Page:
Pr 07 Environmental impact and cost analysis of coal versus nuclear power
Energy 45 (2012) 31e42
It is deﬁned as the total amount of energy produced during a period of time divided by the amount ofenergy that the plant would have produced at full capacity (times From Table 1 it is clear that coal and nuclear power plants have compatible “overnight” cost, particularly when the cost of carboncapture and sequestration is included for coal power plants. Section 3 , we discuss general environmental footprint of various comparative costs of new power generating plants, and various factors that will shape it in the future: changing national andinternational regulatory requirements for environmental protec- tion, changes in demand from developing countries, the cost ofcarbon capture and its storage, the uncertainty in commodities and construction costs, the electricity market deregulations, etc.
Due to the large size of nuclear power plants in the U.S., even small improvements in operating efﬁciency imply substantial
The main ﬁnding in this paper  is that “deregulation and consoli- dation were associated with a 10 percent increase in operating efﬁciency, achieved primarily by reducing the frequency and durationof reactor outages,” which lead to an increase in electricity amounts of additional electricity produced. Having in mind that the average fuel cost for nuclear plants (about$7 per MWh) is low compared to wholesale prices of electricity, any increase in capacity factors will directly generate proﬁt for the plantowner.
Since the majority of coal-ﬁred power plants represent old and less efﬁcient techniques, average emissions of greenhouse gases will
While the various industry groups are warning that new regulations will cost utilities up to $129 billion,force them to retire one-ﬁfth of coal capacity, increase cost of electricity production, cause rolling blackouts and reduce work-force, the environmental groups praise the EPA work, and point out that the new rules will have large public health and envi-ronment beneﬁts, and that industry groups are exaggerating the cost. At the same time, we owe it to future generations to avoidforeclosing options wherever possible so that they can make choicesdabout the use of nuclear energy as a low-carbon energyresource and about the management of the nuclear fuel cycledbased on emerging technologies and developments and their own bestinterests.” Our analysis showed that nuclear power industry in the U.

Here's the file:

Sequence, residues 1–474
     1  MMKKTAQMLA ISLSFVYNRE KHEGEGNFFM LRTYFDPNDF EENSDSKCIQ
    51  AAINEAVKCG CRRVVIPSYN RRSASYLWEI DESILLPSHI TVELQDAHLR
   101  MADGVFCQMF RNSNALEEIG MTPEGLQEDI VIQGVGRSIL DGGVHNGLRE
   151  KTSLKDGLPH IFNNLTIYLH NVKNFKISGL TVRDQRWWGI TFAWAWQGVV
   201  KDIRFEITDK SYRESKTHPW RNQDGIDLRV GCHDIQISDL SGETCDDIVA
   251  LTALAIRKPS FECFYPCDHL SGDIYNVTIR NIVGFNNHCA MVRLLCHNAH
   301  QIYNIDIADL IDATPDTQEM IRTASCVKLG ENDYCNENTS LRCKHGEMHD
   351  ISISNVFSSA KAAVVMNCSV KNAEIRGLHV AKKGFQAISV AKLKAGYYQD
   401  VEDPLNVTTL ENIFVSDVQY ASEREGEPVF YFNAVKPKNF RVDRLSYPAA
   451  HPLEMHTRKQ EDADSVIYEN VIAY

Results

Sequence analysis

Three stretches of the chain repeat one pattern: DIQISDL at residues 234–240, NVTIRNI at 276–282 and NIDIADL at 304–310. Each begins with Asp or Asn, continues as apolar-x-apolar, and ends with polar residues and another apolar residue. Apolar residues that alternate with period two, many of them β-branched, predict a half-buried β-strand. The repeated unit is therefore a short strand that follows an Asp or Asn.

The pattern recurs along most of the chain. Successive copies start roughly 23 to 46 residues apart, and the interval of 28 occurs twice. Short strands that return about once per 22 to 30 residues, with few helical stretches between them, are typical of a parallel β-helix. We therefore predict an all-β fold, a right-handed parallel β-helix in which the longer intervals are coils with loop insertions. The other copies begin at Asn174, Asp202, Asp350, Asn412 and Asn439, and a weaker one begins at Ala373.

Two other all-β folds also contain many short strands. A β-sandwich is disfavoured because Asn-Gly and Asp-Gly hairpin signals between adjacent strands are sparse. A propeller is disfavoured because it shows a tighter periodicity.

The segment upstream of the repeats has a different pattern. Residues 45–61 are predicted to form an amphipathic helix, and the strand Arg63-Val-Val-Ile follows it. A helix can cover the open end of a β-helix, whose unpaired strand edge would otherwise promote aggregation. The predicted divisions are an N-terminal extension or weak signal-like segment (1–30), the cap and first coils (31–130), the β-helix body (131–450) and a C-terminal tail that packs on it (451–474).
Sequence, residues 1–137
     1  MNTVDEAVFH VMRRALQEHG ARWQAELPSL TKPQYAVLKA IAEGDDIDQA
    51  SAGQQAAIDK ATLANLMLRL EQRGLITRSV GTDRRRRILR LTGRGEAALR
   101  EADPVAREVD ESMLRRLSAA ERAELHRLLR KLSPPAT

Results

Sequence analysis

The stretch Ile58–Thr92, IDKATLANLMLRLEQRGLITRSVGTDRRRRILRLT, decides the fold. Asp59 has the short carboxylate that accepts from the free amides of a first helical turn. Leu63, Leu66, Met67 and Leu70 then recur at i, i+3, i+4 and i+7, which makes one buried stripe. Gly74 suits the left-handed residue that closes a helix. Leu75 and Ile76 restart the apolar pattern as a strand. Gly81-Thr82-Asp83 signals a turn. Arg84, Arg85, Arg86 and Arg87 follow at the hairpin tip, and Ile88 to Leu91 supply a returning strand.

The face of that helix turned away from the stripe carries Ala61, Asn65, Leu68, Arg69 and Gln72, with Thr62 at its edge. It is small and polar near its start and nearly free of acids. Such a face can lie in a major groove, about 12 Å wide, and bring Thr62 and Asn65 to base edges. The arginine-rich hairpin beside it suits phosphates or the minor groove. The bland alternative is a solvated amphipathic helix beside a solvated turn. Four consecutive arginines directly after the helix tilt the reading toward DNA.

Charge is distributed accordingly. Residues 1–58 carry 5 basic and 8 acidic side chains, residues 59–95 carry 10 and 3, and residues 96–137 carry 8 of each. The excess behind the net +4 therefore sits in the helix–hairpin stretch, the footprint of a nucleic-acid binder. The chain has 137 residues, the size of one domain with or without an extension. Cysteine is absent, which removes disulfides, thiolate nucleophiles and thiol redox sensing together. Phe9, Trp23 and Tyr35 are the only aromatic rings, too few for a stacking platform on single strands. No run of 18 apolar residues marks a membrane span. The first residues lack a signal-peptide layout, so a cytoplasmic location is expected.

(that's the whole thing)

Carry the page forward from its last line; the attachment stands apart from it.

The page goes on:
The ﬁnal report of the Blue Ribbon Commission was released in
A comparison of the environmental impacts of hydro power with those of other gener-ation technologies, technical report ST3-020613b, The International Energy Agency e implementing agreement for the hydropower technologies andprogrammes, http://www.ieahydro.org/reports/ST3-020613b.pdf ; June 2002 [accessed August 2011]. New EPA rule could lead to rolling blackouts in Texas, PUC chairwomen says. Intelligent design and implementation of nuclear power for carbon free energy: the Westinghouse AP1000, presentation at CITRUS, The Department of Energy, DOE/EIA-0383; April 2011. Resources and statistics: nuclear statistics.